Justice Antonin Scalia is warning that the heated debate over the National Security Agency’s snooping on Americans in its 24/7 campaign to ferret out terrorists via phone, email and internet use could be hampered or worse by an activist Supreme Court inventing new privacy rights.

“That question will be answered in the last analysis not by Congress, but by my court,” he told George Washington University students Monday at an event to celebrate the 226th signing of the Constitution. He said the court could use the case “to determine what privacy rights ought to exist.”

Scalia, the longest-serving justice on the court, said that not only does the Constitution not give Americans any right to protect their conversations, the Supreme Court is dumb on what the NSA is up to and why the agency feels the need to sift through digital communications to track terrorists and potential terrorist attacks.

“That branch of government which knows the least about the nature of the foreign threat, which knows the least about what kind of operations are being conducted and what kind of information that generates, will have the last word,” Scalia warned.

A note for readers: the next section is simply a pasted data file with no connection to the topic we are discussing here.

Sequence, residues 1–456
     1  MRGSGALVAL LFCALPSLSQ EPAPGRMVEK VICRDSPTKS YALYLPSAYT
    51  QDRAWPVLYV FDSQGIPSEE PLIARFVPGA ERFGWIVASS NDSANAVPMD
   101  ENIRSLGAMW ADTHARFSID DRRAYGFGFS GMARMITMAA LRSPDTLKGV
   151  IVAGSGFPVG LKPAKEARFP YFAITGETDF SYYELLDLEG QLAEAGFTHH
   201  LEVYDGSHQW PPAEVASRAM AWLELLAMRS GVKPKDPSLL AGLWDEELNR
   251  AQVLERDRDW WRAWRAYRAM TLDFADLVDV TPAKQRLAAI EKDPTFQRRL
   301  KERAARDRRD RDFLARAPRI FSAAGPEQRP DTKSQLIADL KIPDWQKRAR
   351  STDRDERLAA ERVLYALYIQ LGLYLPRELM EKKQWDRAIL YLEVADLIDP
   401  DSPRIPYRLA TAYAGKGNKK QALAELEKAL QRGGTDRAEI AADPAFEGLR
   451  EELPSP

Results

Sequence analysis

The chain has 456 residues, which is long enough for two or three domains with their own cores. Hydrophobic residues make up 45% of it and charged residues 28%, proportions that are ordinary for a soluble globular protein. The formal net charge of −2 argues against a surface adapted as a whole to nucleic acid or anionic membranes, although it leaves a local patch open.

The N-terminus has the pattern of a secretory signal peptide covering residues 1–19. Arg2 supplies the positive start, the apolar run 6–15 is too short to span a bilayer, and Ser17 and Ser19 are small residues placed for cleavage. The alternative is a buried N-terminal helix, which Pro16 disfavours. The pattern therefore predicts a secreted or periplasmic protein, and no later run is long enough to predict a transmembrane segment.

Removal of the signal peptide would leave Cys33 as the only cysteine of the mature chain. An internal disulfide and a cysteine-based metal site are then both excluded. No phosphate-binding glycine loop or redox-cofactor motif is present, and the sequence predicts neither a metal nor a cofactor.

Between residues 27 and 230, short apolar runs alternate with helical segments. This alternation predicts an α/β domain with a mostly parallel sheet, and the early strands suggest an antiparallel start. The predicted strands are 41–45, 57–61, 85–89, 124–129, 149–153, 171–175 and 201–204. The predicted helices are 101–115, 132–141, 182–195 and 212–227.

“I guess you could run a system that way, but it doesn’t seem to be the system explicitly set forth in the Constitution,” added Scalia, who regularly slaps at activist judges and decisions that stretch the words in the Constitution.

Scalia cited the 4th Amendment which guarantees the “right of the people to be secure in their persons, houses, papers, and effects,” as the nation’s basic privacy act. But he noted that it doesn’t protect “their conversations.”

He described the court’s evolving thoughts on privacy, but was at a loss to explain. “Yes, there is a generalized right of privacy, which means --- I don’t know what it means,” said Scalia.

Paul Bedard, the Washington Examiner's "Washington Secrets" columnist, can be contacted at pbedard@washingtonexaminer.com.